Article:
photo: R.Town / US Fish and Wildlife Service



- from Arctic regions of North America, south to Mexico

range of muskrat


- wetlands (ponds, rivers, lakes, swamps), prefers marshy areas
- likes areas with lots of cattails, bulrushes, and pondweeds
- water must be deep enough so it doesn't freeze to the bottom
- digs burrows (tunnels) in banks if bulrushes and cattails aren't
    available to build lodges in the water.

wet muskrat, USFWS photo


- length over 30 cm (12 1/2 inches), about 50 cm to tip of tail
- much smaller than a beaver (1 1/2 kg., 3 to 4 lbs.)
- tail is long, thin, scaly, flattened, average length 24 cm (9 1/2 in.)
- body is covered with brown fur (except tail and feet)
- thick glossy waterproof layer of fur
- short thick underfur
- head is large, small ears almost invisible, whiskers
- large front teeth (two upper and two lower)
- short legs,"webbed" back feet for swimming

photo by Bryan Harry NPS


- favorite food - cattails
- also eats bulrushes, horsetails, pondweeds, wild rice
- will eat fish, frogs, clams, crayfish if plants not available
- farmers' crops


- average litter of six (from 5 to 10)
- may have three litters in 3 months
- "kits" are born in grass-lined nest
- newborns may have no fur or a very thin coat of fur
- eyes are closed (blind), weight about 22 grams, 10 cm long
- by one week they have greyish-brown fur
- able to swim in 10 days
- good swimmers and divers at 3 weeks of age
- drink mother's milk at first, in 3 weeks they eat green plants
- take care of themselves by four or five weeks of age


- has territories
- lives in large family groups
- older offspring must leave if overcrowded
- most active in late afternoon and evening
- communicates by use of scent glands which produce musky smell
- makes squeaks and squeals
- poor sense of sight, hearing, and smell
- does not like dry, hot weather


- fur keeps it waterproof and warm
- a good swimmer, stays underwater 12 to 17 minutes
- "musk scent" used to communicate and to warn others
- front feet (hands) are for building lodges, holding food, digging
- teeth stick out,able to chew food underwater with mouth closed
- large hind feet, special hairs (like webs) for swimming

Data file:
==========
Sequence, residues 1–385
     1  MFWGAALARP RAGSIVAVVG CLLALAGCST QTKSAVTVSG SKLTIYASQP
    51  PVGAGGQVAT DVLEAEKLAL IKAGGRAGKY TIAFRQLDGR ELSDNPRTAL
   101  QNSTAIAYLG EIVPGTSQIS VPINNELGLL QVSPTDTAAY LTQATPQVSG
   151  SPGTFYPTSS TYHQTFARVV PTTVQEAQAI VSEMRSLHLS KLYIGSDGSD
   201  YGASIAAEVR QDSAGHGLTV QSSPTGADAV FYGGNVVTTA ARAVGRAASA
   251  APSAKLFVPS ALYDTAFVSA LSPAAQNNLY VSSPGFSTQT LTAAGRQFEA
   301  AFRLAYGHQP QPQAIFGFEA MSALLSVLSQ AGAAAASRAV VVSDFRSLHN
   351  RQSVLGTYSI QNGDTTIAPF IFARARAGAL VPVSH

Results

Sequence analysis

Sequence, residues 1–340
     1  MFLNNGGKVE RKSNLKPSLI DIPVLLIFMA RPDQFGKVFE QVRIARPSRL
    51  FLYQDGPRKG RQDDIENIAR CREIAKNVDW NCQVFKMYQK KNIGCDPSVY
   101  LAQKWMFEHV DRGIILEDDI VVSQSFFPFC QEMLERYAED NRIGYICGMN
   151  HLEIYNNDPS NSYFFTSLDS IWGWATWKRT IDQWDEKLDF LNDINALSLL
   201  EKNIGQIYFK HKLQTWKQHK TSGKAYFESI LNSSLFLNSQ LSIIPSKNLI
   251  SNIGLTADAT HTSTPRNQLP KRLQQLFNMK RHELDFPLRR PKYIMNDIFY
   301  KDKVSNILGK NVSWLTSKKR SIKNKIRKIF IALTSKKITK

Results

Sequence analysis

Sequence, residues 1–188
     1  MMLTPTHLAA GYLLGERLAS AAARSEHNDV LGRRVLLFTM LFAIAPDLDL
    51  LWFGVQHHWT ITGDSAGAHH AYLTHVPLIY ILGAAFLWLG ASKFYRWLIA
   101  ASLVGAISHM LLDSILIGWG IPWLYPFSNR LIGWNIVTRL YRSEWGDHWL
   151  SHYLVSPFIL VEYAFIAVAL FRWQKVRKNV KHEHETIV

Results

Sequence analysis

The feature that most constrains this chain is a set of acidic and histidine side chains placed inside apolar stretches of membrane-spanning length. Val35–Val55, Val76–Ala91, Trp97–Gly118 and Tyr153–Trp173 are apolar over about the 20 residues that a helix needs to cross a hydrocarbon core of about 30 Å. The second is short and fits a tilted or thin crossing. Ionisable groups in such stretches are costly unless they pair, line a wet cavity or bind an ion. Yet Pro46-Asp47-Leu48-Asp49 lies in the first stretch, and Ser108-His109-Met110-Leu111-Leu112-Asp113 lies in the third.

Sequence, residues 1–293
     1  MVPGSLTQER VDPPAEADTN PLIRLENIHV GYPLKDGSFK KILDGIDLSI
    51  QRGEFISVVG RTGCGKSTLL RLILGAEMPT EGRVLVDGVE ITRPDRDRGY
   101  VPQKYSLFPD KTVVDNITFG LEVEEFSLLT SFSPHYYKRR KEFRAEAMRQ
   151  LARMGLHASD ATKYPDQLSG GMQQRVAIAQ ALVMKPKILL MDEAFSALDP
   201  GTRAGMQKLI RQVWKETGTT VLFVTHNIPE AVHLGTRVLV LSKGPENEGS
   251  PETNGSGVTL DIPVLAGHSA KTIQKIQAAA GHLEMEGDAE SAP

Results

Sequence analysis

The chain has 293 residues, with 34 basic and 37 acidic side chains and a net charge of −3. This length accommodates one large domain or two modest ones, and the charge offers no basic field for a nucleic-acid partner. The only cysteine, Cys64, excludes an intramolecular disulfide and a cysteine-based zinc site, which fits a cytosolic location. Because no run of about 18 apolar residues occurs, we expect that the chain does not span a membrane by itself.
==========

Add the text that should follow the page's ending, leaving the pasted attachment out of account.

- chisel-like teeth for cutting stems and roots of plants
- front teeth can be up to 2 cm. long
- burrow serves as escape from predators (enemies)
- fixes or builds lodges in the fall to prepare for winter
- stores food in fall for winter use
- in winter,chews through ice to create a push-up (mini-lodge)
- the push-up is a place for a muskrat to eat and rest


in water:
- mink feeds on young muskrats (enters burrows and lodges)
- snapping turtle and northern pike (jackfish)
on land :
- wolf, coyote, fox and dog
- badger, wolverine, fisher, racoon and lynx
- humans hunt it for its fur, some eat muskrat meat
- large birds (hawks, owls, eagles) are also enemies
- escapes into deep water or hides in burrow
- uses sharp front teeth to fight attacker


- once very important to the fur trade
- fur is used for coats, trimmings
- eats farmers' grain, tunnels destroy irrigation ditches
- not a close relative of the beaver, not a true rat
- basically a large field mouse adapted to live in and near water
- most muskrats live one or two years, but can live up to four years
- cold winters, drought, drainage of wetlands and floods
  cause a drop in population


information : The Animal Diversity Web, Canadian Wildlife Service
map and drawing "Reproduced with permission of the Minister of Public Works and Government Services Canada, 2003."
photos : R. Town / US Fish and Wildlife Service; DLS National Image Library
black and white print : by Tom Kelley / USFWS DLS National Image Library
Bryan Harry NPS Digital Image Archive

2003 (updated 2011)

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